sábado, 10 de octubre de 2009
Barbara Lynn: The Crazy Cajun Recordings (1998)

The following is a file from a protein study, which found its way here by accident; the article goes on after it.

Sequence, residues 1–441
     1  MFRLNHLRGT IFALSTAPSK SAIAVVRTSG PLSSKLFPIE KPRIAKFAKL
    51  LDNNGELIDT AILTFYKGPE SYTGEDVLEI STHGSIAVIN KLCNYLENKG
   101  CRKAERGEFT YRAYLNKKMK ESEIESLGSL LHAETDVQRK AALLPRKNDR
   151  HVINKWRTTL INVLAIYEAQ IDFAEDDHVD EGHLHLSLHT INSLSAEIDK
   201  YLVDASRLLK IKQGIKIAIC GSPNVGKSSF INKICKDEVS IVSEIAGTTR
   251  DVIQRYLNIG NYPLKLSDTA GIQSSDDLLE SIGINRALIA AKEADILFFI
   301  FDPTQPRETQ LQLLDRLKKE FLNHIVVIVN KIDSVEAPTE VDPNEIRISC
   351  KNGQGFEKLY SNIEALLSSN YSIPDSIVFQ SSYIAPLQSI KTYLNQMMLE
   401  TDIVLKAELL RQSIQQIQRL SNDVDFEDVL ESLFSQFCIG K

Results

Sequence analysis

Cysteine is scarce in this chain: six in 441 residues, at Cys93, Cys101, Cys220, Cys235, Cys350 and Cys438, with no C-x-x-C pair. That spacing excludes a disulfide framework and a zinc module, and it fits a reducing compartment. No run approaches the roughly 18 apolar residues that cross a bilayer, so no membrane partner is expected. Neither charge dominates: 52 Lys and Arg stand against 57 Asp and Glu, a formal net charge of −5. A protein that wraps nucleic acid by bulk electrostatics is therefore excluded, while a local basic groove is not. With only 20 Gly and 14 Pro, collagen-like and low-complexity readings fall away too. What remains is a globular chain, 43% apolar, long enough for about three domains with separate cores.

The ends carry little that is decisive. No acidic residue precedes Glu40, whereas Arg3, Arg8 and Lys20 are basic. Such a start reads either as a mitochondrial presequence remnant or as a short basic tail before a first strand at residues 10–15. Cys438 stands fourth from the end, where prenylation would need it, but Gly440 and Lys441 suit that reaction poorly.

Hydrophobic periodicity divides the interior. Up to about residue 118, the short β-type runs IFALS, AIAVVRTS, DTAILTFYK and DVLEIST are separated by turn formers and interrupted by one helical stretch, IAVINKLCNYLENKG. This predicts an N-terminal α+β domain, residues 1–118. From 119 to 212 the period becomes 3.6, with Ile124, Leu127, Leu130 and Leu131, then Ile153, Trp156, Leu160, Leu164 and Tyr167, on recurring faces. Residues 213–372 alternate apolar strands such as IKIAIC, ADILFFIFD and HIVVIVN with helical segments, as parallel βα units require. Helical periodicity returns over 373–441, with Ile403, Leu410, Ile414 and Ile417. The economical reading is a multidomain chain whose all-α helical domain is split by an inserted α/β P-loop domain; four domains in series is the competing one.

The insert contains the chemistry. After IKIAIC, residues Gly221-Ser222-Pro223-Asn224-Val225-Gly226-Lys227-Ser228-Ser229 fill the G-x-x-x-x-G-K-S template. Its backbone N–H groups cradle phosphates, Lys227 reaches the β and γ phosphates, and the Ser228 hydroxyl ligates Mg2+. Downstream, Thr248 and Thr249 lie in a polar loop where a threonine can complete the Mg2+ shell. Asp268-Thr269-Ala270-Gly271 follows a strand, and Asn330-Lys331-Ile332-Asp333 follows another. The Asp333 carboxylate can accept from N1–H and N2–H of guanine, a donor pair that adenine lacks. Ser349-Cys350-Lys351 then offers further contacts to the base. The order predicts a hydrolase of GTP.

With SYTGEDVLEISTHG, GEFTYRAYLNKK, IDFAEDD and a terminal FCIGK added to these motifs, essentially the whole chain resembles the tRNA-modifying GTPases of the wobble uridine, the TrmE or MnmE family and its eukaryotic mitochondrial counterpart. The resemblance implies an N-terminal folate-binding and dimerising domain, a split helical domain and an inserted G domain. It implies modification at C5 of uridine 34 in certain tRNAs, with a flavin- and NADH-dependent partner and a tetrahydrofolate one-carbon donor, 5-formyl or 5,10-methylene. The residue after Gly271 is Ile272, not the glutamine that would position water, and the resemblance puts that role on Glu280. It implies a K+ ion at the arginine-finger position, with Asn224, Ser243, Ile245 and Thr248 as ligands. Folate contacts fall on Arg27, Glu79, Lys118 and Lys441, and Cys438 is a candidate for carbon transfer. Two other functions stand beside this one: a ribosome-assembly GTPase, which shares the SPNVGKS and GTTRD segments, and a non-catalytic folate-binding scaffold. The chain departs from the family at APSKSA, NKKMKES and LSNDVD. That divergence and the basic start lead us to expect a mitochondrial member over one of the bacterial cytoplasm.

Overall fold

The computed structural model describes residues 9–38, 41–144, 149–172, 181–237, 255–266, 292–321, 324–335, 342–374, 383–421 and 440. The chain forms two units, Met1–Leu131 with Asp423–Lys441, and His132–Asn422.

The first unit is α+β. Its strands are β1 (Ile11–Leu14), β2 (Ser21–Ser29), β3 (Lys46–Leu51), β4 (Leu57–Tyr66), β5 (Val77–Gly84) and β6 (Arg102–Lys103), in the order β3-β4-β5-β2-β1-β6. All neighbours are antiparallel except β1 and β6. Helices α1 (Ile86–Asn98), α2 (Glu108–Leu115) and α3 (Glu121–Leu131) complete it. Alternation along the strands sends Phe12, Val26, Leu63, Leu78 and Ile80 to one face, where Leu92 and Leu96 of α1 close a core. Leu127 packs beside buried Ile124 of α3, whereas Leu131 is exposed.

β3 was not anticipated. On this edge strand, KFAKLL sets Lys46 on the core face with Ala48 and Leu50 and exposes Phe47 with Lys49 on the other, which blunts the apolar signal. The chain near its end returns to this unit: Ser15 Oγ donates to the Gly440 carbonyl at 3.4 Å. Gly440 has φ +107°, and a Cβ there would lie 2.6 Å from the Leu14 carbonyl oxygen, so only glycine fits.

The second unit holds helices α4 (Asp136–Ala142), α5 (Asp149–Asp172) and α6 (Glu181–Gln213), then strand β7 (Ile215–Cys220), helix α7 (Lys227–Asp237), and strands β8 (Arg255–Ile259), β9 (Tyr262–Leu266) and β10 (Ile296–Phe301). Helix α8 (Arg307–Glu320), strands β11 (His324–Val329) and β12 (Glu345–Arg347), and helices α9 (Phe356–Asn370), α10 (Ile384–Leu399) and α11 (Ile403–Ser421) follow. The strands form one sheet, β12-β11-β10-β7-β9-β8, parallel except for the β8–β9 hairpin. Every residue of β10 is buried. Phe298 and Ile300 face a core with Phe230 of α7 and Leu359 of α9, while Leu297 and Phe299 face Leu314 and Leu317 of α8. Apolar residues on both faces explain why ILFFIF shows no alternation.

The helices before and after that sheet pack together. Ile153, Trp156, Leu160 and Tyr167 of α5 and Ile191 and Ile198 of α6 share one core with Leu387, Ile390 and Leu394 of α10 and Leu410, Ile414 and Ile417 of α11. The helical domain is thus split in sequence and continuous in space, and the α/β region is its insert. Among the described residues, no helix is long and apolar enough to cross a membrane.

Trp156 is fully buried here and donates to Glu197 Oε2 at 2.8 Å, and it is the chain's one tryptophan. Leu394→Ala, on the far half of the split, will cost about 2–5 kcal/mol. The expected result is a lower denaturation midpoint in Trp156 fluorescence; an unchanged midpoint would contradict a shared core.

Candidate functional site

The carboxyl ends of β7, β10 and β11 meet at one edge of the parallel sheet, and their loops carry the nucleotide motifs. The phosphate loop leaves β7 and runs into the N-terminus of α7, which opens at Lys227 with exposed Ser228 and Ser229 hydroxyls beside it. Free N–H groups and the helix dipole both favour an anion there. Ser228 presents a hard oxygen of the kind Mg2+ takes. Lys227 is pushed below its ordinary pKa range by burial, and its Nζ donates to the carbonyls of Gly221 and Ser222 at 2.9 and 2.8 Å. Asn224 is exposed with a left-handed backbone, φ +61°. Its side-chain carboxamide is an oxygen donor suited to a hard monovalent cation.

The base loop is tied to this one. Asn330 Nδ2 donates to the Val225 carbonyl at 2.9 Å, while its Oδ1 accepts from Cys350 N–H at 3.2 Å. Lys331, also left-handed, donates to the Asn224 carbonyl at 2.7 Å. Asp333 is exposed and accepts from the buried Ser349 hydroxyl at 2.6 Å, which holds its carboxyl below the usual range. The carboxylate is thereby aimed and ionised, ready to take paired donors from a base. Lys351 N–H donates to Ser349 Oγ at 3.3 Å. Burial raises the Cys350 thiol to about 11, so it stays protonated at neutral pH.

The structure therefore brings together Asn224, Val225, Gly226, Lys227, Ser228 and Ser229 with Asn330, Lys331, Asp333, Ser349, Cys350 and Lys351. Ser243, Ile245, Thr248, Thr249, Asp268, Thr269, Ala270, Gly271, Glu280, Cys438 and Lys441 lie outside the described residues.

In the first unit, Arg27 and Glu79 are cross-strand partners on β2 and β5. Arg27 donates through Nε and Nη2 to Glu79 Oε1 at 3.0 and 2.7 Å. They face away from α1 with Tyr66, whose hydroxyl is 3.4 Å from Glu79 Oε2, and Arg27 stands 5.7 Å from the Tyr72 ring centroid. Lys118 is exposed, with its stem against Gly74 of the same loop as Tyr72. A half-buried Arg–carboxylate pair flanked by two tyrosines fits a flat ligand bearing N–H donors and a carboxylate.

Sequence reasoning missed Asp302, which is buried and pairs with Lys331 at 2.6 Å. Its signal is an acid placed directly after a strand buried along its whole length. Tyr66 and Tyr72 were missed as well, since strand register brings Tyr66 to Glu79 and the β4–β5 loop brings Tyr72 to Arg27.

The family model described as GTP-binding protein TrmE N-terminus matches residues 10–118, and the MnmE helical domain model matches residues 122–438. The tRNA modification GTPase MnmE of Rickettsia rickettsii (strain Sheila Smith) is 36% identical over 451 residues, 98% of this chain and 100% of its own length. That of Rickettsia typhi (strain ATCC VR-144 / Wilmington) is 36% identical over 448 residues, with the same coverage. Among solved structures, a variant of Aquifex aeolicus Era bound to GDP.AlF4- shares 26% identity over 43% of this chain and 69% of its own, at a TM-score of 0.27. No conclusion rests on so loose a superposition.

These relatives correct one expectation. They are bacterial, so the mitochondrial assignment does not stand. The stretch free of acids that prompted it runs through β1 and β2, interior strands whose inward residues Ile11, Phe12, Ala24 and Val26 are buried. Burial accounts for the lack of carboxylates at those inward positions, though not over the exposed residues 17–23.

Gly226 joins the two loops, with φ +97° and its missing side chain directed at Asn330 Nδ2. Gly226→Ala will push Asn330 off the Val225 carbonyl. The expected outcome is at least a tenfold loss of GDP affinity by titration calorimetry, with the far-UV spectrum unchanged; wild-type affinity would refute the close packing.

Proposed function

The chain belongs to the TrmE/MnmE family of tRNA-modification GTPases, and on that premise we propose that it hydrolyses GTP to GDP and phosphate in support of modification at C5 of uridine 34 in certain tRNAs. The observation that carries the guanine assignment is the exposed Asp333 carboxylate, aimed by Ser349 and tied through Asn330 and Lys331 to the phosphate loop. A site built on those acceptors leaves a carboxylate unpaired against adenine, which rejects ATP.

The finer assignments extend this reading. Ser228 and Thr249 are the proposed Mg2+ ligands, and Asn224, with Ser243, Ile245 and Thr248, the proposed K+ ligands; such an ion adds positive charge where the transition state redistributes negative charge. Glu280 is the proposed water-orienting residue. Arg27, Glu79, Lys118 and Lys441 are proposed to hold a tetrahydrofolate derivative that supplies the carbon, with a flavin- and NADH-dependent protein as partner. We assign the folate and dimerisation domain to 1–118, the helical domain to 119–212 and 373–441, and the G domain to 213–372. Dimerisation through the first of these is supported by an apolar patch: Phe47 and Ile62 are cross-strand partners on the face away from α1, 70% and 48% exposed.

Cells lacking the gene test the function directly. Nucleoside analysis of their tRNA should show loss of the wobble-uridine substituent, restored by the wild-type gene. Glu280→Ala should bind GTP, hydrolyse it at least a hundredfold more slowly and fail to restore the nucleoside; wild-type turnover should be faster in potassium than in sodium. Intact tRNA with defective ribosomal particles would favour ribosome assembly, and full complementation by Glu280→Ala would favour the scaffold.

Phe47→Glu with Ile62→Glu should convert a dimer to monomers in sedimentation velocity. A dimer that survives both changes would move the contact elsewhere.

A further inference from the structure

A Beaumant native, Barbara never wanted to be anything but an entertainer. Born January 16, 1942, she started learning her craft on a cheap Arthur Godfrey ukelele and was leading her own regional band before she graduated from high school in 1960. Nicknamed "the black Elvis" by friends, Lynn was nurtured by Clarence "Bon Ton" Garlow, a local bluesman and DJ. By 1962 she and Garlow attracted the attention of Huey Meaux, who saw her perform at the Ten Acre Club outside Beaumont. Meaux brought her to Cosimo Matassa's studio in New Orleans, hustling a deal with various "indie" labels. According to Matassa, Meaux unfortunately failed to connect so Cosimo worked out a deal with Harry Finfer at Jamie Records. The first single, Barbara's own ‘You'll Lose a Good Thing’, topped the R&B charts and raced to #8 on the pop Top Forty in the summer of 1962. She had several additional pop charters that year, in 1963 and in 1964 when the Rolling Stones covered her ‘Oh Baby (We Got a Good Thing Goin')’, a modest hit for Lynn though it lasted two months on the charts. It's amazing that, with such credentials established before her 23rd birthday, Barbara Lynn didn't become a superstar, but for some reason she missed her train to glory. Instead of becoming a household name who released an album every year or so, Lynn's recorded output from 1962 to 1986 is limited to her debut album on Jamie and a 1968 "comeback" effort on Atlantic, source of her last pop chart entry, ‘This Is the Thanks I Get’, in 1969. And then, at the age of 27, Barbara Lynn dropped off the radar screen of chart records, major labels, hit singles and national exposure. While living in Los Angeles Lynn occasionally appeared at local clubs before returning to Beaumont, Texas to live and resume her recording career after her husband's death. She was given a Pioneer Award by the Rhythm and Blues Foundation in 1999. This set presents a good picture of a versatile soul-blues singer on top of her form. In addition to showcasing some of her own material, the Crazy Cajun Sessions from the early '70s also feature Lynn renditions of such hits as The Casinos' ‘Then You Can Tell Me Goodbye’ and Hank Williams' timeless ‘I'm So Lonesome I Could Cry’ as well as ‘Daddy Hot Stuff’, a selection obviously influenced by Jean Knight's 1971 pop hit. There are also four alternate takes of some of her best known tunes, such as 'I'm a Good Woman', 'Nice and Easy' and 'You Left the Water Running'. Just sit back and enjoy the work of this vastly underrated artist from the fertile Gull Coast! Partially taken from the original liner notes and http://en.wikipedia.org/.